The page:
Elder Oaks wants religion to have not just liberty, but a “preferred status”.  But what can that mean in practice? The state of New York, having legalized same-sex marriage, does not force the Mormon church to perform or bless or agree with gay marriages.  It leaves the LDS definition of marriage intact.  No gay couple will be allowed have their marriage “sealed for eternity” in a Mormon temple.  Nor does the state of New York give the United Church of Christ, the denomination to which I belong, “preferred status” because we happen to bless same-sex marriages.  Both the UCC and the LDS churches believe that marriage is a spiritual condition, a topic about which no state law has anything to say.  All state laws regarding marriage are religion-neutral, without neutering religion.  Aside from the special tax break afforded it now, how can religion have a “preferred status” beyond the enjoyment of liberty, without the state endorsing one version of religion over another?  The trouble with Dallin Oaks’ call for “recognition and commitment to values that transcend the secular world” is that there is no consensus among religions about which values are transcendent.  And for government to define such a consensus would be unconstitutional.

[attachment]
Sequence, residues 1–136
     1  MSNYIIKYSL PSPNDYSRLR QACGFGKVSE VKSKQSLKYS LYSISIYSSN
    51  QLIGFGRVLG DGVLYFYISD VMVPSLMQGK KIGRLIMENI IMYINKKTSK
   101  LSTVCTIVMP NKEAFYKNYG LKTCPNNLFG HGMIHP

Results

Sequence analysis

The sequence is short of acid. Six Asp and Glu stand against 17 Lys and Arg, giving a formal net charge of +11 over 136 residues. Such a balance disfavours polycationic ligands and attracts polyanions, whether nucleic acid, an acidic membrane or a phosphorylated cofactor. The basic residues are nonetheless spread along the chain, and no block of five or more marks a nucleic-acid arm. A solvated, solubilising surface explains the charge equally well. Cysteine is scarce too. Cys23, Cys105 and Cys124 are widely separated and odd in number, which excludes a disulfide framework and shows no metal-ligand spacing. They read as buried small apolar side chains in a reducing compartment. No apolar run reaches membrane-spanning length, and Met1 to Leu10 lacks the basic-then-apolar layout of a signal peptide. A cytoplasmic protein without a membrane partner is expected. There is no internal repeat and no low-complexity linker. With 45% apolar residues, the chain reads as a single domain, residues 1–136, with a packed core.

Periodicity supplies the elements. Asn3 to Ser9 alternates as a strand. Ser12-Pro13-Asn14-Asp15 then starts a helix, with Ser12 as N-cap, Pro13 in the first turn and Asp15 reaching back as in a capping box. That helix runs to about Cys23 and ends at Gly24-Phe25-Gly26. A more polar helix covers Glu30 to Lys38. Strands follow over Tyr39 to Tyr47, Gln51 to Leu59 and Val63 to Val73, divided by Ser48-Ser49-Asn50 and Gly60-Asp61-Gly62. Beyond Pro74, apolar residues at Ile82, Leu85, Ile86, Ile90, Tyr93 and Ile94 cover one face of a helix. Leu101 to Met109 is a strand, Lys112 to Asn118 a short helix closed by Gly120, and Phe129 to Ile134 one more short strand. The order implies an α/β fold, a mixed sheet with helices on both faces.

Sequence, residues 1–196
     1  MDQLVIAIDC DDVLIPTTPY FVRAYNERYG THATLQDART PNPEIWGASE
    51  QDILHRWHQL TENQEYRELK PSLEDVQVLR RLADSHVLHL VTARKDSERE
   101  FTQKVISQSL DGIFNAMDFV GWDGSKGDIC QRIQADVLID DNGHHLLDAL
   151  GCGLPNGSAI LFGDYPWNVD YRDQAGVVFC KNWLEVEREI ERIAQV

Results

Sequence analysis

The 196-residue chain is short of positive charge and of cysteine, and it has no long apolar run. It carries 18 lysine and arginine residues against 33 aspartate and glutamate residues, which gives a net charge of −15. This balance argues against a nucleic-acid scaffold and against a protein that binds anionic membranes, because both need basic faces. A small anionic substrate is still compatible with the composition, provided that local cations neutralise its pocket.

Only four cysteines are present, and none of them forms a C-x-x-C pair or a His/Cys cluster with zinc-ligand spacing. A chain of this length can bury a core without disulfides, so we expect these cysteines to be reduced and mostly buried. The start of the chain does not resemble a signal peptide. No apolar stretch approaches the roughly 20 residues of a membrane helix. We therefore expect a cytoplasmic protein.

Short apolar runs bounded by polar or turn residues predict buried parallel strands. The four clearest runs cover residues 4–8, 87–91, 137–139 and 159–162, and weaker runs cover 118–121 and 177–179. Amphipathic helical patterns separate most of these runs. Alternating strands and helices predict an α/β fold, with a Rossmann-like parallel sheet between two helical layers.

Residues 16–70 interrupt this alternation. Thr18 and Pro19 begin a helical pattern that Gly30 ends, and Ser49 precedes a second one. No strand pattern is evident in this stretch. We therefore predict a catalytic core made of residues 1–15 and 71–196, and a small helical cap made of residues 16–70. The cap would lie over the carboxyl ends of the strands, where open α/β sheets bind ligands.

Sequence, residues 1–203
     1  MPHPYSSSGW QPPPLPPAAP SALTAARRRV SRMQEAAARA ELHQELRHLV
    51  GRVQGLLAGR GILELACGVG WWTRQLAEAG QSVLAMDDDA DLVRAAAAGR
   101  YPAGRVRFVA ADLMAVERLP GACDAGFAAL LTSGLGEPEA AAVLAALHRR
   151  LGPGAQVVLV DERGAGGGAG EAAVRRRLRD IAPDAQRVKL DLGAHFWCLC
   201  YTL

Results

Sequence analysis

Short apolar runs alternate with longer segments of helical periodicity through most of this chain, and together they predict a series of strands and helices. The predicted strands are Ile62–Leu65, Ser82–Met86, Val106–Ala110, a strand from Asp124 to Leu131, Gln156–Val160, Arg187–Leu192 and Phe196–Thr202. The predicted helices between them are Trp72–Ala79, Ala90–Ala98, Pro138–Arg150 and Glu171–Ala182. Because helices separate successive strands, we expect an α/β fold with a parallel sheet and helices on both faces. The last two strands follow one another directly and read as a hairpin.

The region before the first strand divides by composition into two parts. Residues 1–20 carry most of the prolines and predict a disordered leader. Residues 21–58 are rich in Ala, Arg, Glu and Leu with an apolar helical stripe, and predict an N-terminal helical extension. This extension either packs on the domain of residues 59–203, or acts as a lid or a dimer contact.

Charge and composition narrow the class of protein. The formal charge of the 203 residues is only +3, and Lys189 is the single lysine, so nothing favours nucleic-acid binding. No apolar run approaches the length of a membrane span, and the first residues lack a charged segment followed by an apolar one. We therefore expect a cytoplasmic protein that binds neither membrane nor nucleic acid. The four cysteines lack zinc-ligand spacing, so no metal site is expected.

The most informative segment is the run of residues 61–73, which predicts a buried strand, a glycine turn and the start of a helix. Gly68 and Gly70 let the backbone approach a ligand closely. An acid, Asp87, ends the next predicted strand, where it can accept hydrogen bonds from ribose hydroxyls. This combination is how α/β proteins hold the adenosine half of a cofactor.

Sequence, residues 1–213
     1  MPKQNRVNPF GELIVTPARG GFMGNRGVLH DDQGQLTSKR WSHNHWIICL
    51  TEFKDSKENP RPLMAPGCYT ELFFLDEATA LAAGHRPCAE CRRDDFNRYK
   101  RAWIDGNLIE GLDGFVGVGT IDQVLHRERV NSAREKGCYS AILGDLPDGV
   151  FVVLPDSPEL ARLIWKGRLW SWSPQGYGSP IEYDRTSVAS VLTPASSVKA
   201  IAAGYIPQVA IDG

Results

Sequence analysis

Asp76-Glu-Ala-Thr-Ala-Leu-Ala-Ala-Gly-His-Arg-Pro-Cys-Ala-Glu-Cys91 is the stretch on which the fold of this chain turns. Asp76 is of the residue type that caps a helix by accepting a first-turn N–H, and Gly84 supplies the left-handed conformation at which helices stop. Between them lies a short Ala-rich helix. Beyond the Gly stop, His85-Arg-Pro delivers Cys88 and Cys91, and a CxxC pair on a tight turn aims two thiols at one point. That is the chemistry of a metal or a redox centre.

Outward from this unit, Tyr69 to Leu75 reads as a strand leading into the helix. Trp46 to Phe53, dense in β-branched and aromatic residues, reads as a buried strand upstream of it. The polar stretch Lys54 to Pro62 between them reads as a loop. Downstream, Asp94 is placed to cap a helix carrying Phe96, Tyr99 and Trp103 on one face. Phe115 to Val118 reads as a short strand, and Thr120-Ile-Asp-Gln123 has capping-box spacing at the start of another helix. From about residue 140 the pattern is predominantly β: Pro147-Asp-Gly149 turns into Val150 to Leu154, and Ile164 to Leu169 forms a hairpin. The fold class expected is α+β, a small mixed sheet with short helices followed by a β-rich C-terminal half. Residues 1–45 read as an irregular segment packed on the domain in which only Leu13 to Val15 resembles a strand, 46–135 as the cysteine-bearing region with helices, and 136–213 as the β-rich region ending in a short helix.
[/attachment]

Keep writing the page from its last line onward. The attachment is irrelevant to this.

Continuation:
Who is “forced to participate in, or to forfeit their employment because of refusal to participate in, activities that deeply offend their religious conscience” in America today?  To be sure, faithful progressive Christians, who work in banks that sold sketchy mortgages to unsophisticated home-buyers and then received bailouts from the government, have to face the tough choice of participating in a sin that violates their religious scruples, or forfeiting their jobs.  But that difficulty can’t be construed as a sign of eroding religious freedom in America.  Bank workers are free to quit and find other employment.  Indeed, there are occasions when the exercise of our precious freedom of religion results in tough personal consequences.  But we have the liberty to make such choices.  And for that, I’m grateful to be an American!

Jim Burklo is Associate Dean of Religious Life, University of Southern California

About Jim Burklo

Rev. Jim Burklo is the Associate Dean of Religious Life at the University of Southern California in Los Angeles. An ordained United Church of Christ pastor, he is the author of three books in print, OPEN CHRISTIANITY (2000), BIRDLIKE AND BARNLESS (2008), and HITCH-HIKING TO ALASKA: THE WAY OF SOULFUL SERVICE (2013). See more about him at jimburklo.com .